ASCO to address costs of new drugs at annual meeting

The increasing costs associated with new drugs for the treatment of cancer is going to be a key item on the agenda at the annual meeting of the American Society for Clinical Oncology that opens in Chicago today.

Some readers may be interested in commentary on this topic on the Bloomberg web site today — even though it isn’t prostate cancer specific. Presenters at the ASCO meeting who  review clinical results for certain studies have been told to examine the value of the treatments as well. Additionally, education sessions focusing on value will look at the cost issue from the perspective of patients, insurers, the drug industry and other countries with more cost constraints.

This is a complex and difficult subject for us to deal with as a society. The US biopharmaceutical industry has long been one of the most prolific and profitable of the scientific industries that developed in the early to mid-20th Century. It has given us a vast range of new drugs over the past 100 years that can effectively treat everything from a runny nose to testicular cancer, but there are very real questions today about the cost-effectiveness of new drugs that only add months of life for some people who take them, and whether we can afford the costs that we are being asked to pay for such agents.

The “New” Prostate Cancer InfoLink is pleased to see ASCO start to take on this difficult challenge … but we aren’t expecting easy answes to a very complex set of problems.

5 Responses

  1. The topic of high drug costs has been very much in the news lately. One thing to keep in mind is that the health insurance industry has launched a full court media blitz on this through their industry trade group called America’s Health Insurance Plans or AHIP.

    The health insurance industry is very, very disingenuous on this topic. I have owned a number of health insurance stocks over the last 10 years (such as United Health and WellPoint). These companies have been incredibly profitable. For example, since 2002, United Health has risen in value 454%. The average large American company (as represented by the S&P 500) has risen in value about 172%. So, profits for large health insurers have risen about three times as fast as the average large company. And this is in spite of the rapidly rising price of medical goods and services. Normally, when the price of a company’s inputs are quickly rising, profits are squeezed because it is difficult to pass all these costs along to the customers. But somehow, insurance companies have been able to actually increase profits quarter after quarter. Of course they have done this by rapidly raising premiums while finding ways to limit coverage. Most good insurance policies carry a maximum out-of-pocket annual limit. That used to mean that once you had paid out that amount, everything was covered 100%. Thus providing real protection against catastrophic cost. These insurers have found ways around this (such as that mentioned in the referenced article, where co-pays aren’t subject to the maximum out of pocket). The insurance industry is interested in one thing, which is their bottom line. Take a look at their website, under the issues and advocacy tabs. They have initiated hundreds of articles and news stories bemoaning the cost of drugs and the effects on the public, Medicaid, Medicare, the federal debt, and on and on. Never a mention of the real concern of the industry trade group: insurance company profits.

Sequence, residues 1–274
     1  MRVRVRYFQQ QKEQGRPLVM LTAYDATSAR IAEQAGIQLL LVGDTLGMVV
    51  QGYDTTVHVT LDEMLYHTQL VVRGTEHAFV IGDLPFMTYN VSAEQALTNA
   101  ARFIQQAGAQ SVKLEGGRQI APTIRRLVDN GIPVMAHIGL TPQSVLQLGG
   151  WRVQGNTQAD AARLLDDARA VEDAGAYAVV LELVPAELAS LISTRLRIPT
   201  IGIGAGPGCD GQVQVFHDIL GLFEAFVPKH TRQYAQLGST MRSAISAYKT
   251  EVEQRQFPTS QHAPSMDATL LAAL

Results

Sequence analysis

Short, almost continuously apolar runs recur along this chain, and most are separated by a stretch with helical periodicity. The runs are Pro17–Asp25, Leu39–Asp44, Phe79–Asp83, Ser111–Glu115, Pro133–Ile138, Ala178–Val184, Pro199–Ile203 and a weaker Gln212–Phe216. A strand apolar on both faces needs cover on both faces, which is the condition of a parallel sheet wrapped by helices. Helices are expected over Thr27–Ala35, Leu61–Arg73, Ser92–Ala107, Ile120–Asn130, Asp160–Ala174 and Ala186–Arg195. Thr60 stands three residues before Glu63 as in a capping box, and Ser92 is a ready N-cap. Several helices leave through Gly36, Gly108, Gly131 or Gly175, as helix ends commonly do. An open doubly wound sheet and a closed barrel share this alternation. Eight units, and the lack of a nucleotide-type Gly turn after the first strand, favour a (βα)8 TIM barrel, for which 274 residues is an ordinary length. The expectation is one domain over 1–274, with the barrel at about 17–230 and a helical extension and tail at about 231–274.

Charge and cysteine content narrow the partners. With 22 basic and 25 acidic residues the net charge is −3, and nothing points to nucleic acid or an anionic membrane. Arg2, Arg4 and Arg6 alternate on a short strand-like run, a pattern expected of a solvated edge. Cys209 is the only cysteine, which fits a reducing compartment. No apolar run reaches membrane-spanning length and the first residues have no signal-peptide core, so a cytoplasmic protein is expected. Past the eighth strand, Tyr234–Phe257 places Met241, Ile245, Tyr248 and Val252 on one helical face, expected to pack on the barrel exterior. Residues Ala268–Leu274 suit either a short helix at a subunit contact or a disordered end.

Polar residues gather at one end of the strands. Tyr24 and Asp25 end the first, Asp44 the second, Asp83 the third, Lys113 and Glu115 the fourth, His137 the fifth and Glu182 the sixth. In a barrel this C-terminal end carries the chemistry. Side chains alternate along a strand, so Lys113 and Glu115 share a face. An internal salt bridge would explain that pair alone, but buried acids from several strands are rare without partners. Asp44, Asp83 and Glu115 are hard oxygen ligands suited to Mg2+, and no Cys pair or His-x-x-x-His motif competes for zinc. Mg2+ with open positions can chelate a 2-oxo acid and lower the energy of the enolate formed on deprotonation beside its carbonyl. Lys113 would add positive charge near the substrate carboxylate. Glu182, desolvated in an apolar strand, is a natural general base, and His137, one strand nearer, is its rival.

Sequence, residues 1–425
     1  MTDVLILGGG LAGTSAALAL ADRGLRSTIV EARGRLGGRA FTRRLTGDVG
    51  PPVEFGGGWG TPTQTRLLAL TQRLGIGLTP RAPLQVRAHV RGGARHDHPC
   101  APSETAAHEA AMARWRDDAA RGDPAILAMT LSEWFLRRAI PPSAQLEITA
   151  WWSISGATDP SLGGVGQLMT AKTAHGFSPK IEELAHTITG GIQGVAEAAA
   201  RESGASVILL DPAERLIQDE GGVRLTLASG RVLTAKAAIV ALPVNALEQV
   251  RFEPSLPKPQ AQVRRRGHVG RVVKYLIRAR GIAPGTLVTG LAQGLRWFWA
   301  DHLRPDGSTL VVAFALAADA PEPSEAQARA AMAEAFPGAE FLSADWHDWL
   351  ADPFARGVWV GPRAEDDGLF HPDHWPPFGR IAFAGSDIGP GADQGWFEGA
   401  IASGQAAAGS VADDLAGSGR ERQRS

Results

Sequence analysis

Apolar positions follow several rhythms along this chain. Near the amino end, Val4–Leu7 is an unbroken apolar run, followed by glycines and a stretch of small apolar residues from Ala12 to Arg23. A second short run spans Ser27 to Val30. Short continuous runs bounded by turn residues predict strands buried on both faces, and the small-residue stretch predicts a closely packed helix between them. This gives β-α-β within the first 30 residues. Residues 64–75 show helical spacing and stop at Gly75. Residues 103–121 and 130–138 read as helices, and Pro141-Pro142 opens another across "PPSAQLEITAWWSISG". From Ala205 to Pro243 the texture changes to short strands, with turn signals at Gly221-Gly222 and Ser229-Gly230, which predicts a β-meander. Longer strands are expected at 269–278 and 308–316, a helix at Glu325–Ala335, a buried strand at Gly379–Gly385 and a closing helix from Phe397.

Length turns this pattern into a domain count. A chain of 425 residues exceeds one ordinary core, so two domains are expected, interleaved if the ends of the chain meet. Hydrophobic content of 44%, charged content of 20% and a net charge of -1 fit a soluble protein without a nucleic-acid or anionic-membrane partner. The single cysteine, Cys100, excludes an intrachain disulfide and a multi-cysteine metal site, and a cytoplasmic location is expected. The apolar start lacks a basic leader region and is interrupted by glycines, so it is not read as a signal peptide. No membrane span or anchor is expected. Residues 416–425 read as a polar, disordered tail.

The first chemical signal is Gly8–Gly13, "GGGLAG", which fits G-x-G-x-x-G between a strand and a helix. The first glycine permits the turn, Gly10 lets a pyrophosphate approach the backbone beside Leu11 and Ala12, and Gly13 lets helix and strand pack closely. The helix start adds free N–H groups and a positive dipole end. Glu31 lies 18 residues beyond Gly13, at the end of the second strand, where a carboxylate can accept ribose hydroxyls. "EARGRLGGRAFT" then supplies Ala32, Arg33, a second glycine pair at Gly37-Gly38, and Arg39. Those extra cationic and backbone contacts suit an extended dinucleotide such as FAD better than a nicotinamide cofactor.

I’m not saying there aren’t issues here that need to be looked at in a thoughtful way. But, as far as the discussion taking placed in the media, it is heavily tainted by industry lobby groups posing as concerned citizens.

    (I own stock in some of these insurers because they are very profitable. But I don’t like these guys at all … as you may be able to discern. I’m actually considering putting them on the very short list of industries I won’t touch such as tobacco companies and payday lenders.)

  2. Dear Doug:

    Ah the joys of for-profit health-care systems.


    It’s not just new drugs that are expensive. The 28-day prescriptions I used to get for the specialty drug thalidomide cost my insurer several thousand dollars each month as recently as the past few years. I’m thinking that drug has been around since the 50s when it caused all those birth defects in the UK, Canada and Europe, and at that time it was being marketed as a sleep aid. I kind of doubt it cost thousands for a 28-day supply for that purpose. I’m suspecting it costs just pennies to make. Granted, the special controls now needed to prevent birth defects add some cost, and perhaps the heavy litigation from long ago may still add cost, but I’m really curious.

  4. Jim:

    Some years ago the manufacturer of thalidomide here in the USA (Celgene) was very public about the fact that the company was raising the price of thalidomide over time as a business strategy to help underwrite the research needed to bring second- and third-generation products like lenalidomide (Revlimid) and pomalidomide to market. The ethics and morality of such business strategies are open to discussion, but no one can criticize Celgene for not having been transparent about why they did this over time. Their then-CEO gave a long interview about this to the Wall Street Journal.

    Many other companies have done the same thing over time (e.g., Novartis in the marketing of Gleevec).

  5. In a press release today, United Health announced they are raising their dividend by 34% and repurchasing about 10% of their outstanding shares for $8 billion. No mention in the press release that they are struggling to afford to pay for drugs for the company’s paying customers.

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